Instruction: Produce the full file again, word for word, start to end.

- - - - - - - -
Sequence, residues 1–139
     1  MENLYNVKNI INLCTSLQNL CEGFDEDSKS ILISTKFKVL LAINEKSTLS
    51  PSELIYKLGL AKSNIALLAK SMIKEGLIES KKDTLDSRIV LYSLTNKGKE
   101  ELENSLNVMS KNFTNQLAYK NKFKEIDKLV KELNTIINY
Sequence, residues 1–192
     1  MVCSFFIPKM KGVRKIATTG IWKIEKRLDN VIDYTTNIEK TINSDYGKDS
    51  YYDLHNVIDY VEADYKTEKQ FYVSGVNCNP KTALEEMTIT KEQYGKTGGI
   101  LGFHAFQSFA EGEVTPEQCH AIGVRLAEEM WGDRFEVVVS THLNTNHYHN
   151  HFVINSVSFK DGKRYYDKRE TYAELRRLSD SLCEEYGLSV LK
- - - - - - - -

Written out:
Sequence, residues 1–139
     1  MENLYNVKNI INLCTSLQNL CEGFDEDSKS ILISTKFKVL LAINEKSTLS
    51  PSELIYKLGL AKSNIALLAK SMIKEGLIES KKDTLDSRIV LYSLTNKGKE
   101  ELENSLNVMS KNFTNQLAYK NKFKEIDKLV KELNTIINY
Sequence, residues 1–192
     1  MVCSFFIPKM KGVRKIATTG IWKIEKRLDN VIDYTTNIEK TINSDYGKDS
    51  YYDLHNVIDY VEADYKTEKQ FYVSGVNCNP KTALEEMTIT KEQYGKTGGI
   101  LGFHAFQSFA EGEVTPEQCH AIGVRLAEEM WGDRFEVVVS THLNTNHYHN
   151  HFVINSVSFK DGKRYYDKRE TYAELRRLSD SLCEEYGLSV LK